(BEGIN VIDEO CLIP)
SEN. TOM CARPER, (D): Gary Cohn takes a call on his cell phone, comes back into the room and says, we have somebody calling in from Asia, and it was the president, which is nice, nice of him to do that. And 15 minutes later, the president is still talking. And I said to Gary -- it was a room where we're all sitting around this big table, and I said, Gary, why don't you just take the phone from -- your cell phone back and just say, Mr. President, you're brilliant! But we're losing contact and I think we're going to lose you now, so good-bye. And that's what he did, and he hung up. And we went back to having the kind of conversation where we need to, where they ask good questions, looking for consensus and common ground and I think we've identified a little bit.
JOHN BERMAN, CNN ANCHOR: Are you saying that Gary Cohn faked a bad connection to get the president off the phone?
CARPER: I'm sorry? Say again?
BERMAN: Are you saying Gary Cohn faked a bad connection to get the president off the phone?
CARPER: Well, I wouldn't -- I don't want to throw him under the bus, but, yes.
POPPY HARLOW, CNN ANCHOR: I think you just did.
BERMAN: That's the bus. I think the bus just --
HARLOW: The bus is passed.
CARPER: They want to make sure they have the kind of conversation. And that's what we need to do. There's areas where we can agree on stuff, but ask the right questions and be a good listener.
(END VIDEO CLIP)
BALDWIN: Ying, to you. You know --
MA: I actually thought that was quite comical, too. My first question was, was the Senator faking a fake connection so that he could delay answering the questions from your colleagues earlier this morning. I think what the president is doing and what his team is doing is that they are focusing on tax reform, they've got big issues, and the president likes to talk. Everybody knows that.
BALDWIN: But Ying, but Ying, here's what the other camp would say. You know the reports of his own secretary of state were calling him a moron and now you have this Senator, and a dear friend and, you know, in Gary Cohn, working on tax reform --
MA: But it's an important issue --
BALDWIN: Faking a bad connection!
BALDWIN: Why doesn't the president have better control over the people who are so, so key in his administration?
[11:40:08] YING: Well, we don't know that. Actually, that is not true. I think that, in fact, he just came back from a very effective trip in Asia. We've got a lot of things done over there. Different people manage their staff differently. So do I prefer a Barack Obama who kind of lectures everybody and tries to prove that he's smarter than everyone else? I'm not so sure that's the preferred way to go.
But actually, let me also comment on something. I think it's quite rich for Jake to sit there and talk about Donald Trump's comments. I mean, where were you when Hillary Clinton threatened Juanita Broderick, someone who accused Bill Clinton of rape.
BALDWIN: Oh, boy! OK.
MA: I think we actually do need to take another look at the context of all of this that's going on.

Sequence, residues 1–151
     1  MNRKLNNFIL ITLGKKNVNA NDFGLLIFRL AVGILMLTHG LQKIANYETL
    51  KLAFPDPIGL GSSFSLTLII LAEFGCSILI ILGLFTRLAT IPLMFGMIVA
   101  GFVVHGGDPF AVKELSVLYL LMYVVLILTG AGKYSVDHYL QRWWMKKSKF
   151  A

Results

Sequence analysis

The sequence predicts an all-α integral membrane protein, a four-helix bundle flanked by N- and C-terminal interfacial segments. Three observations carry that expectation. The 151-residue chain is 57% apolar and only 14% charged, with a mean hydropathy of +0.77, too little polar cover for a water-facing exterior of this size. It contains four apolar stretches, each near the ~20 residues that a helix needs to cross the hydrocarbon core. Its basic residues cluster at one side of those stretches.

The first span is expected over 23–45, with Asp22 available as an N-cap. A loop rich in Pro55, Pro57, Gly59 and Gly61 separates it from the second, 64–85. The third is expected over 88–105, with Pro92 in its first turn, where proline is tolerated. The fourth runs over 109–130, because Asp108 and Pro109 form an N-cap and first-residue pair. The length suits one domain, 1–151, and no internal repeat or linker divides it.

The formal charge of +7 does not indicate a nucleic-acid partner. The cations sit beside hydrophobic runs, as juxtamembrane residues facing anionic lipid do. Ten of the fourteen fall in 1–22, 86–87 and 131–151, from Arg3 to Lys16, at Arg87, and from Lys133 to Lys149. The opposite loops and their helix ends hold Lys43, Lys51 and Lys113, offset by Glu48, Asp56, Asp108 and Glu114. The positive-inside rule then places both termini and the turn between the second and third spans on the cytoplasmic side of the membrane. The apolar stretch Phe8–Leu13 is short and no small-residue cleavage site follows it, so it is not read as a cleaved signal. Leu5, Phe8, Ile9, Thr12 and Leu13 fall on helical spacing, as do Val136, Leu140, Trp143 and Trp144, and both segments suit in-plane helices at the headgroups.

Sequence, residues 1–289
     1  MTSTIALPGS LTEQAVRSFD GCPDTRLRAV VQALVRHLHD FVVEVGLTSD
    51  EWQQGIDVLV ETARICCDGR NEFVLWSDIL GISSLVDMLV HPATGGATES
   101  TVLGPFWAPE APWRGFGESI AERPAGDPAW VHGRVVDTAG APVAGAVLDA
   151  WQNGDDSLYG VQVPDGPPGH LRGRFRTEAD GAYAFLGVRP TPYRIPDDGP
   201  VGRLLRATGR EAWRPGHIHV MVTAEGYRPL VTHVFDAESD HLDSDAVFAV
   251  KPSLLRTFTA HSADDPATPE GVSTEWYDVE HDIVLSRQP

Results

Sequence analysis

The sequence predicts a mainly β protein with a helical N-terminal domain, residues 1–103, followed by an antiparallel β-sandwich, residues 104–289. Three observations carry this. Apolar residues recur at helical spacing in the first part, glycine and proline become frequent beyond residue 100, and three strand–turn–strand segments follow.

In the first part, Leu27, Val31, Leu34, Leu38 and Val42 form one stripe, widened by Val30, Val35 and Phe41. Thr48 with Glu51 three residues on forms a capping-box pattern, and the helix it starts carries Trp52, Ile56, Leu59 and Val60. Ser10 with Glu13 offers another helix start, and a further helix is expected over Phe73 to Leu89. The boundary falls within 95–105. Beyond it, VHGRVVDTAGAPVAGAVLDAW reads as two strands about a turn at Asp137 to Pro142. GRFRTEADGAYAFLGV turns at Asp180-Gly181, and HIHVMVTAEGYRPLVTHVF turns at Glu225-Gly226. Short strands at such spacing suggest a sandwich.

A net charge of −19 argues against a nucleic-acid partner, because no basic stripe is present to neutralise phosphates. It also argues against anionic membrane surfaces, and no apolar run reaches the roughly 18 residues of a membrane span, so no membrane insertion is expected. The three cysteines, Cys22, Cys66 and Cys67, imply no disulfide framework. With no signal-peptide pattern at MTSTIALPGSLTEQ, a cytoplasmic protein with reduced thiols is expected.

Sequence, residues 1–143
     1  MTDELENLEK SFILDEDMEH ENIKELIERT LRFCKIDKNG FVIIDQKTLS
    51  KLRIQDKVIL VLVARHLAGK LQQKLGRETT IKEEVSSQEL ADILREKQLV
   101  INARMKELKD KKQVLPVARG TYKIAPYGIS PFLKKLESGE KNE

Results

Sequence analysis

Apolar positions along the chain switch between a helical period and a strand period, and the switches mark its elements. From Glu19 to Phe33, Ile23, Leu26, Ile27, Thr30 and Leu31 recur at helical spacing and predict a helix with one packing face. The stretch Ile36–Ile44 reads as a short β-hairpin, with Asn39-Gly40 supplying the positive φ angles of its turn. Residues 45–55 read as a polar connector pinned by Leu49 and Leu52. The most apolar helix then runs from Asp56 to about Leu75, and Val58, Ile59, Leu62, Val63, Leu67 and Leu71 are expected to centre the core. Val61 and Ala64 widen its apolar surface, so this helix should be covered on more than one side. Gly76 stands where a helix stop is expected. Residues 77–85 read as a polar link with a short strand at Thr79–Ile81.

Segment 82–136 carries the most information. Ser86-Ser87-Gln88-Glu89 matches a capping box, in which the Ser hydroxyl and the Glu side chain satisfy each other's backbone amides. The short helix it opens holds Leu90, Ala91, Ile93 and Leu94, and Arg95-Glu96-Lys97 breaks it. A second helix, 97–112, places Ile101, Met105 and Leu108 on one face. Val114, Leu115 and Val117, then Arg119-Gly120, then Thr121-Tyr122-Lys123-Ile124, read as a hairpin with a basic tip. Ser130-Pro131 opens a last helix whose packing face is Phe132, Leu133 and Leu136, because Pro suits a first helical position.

BALDWIN: OK, OK, we've gone there. We've covered those accusations extensively. Let's stay on -- we're talking about the president and we're going to stay on the president.
We'll say good-bye for now.
Ying and Jake and Doug, thank you all very much for that.
This morning, we are hearing more about that bizarre attack on Kentucky Senator Rand Paul that left him with six broken ribs and left a lot of people wondering what happened in his yard earlier this month. The Paul's neighbor has pleaded not guilty to assault.
New details are coming in from the Senator's wife, Kelley. In a column she penned for CNN.com, she writes that her husband hasn't taken a single breath without pain since the attack and some nights he has had so much trouble breathing that she has been terrified and was at the ready to call 911.
She also wanted to clarify what she says is misinformation about the attack. She writes that she hasn't spoken to the neighbor in 10 years and have barely seen him. As to reports that they had a feud over lawn care, she writes, "The only dispute was in the attacker's troubled mind." Quote, "This was not a scuffle, a fight, or altercation, as many in the media falsely describe it. It was a deliberate blindside attack. This has been a terrible experience, made worse by the media's gleeful attempts to blame Rand for it, ridiculing him for everything from mowing his own lawn to composting."
So that's part of Kelley Paul's defense of her husband and what exactly went down. You can read the whole piece. Go to CNN.com. By the way, the lawyer for the neighbor says his client regrets the incident and would have handled things more diplomatically if he could have the moment back.
Still ahead here on CNN, Uber is catching heat this morning after waiting a year to reveal a major data breach. And now new questions over whether the company paid the hackers a whole lot of money to keep quiet.
[11:47:02] BALDWIN: An alarming cover-up here. Uber admits it paid hackers $100,000 to delete stolen information and keep quiet about it. Hackers stole the personal data of more than 57 million people and Uber executives took deliberate steps to conceal the cyberattack for more than a year.
Samuel Burke is live on this, which is kind of frightening.
What kind of information are we talking about?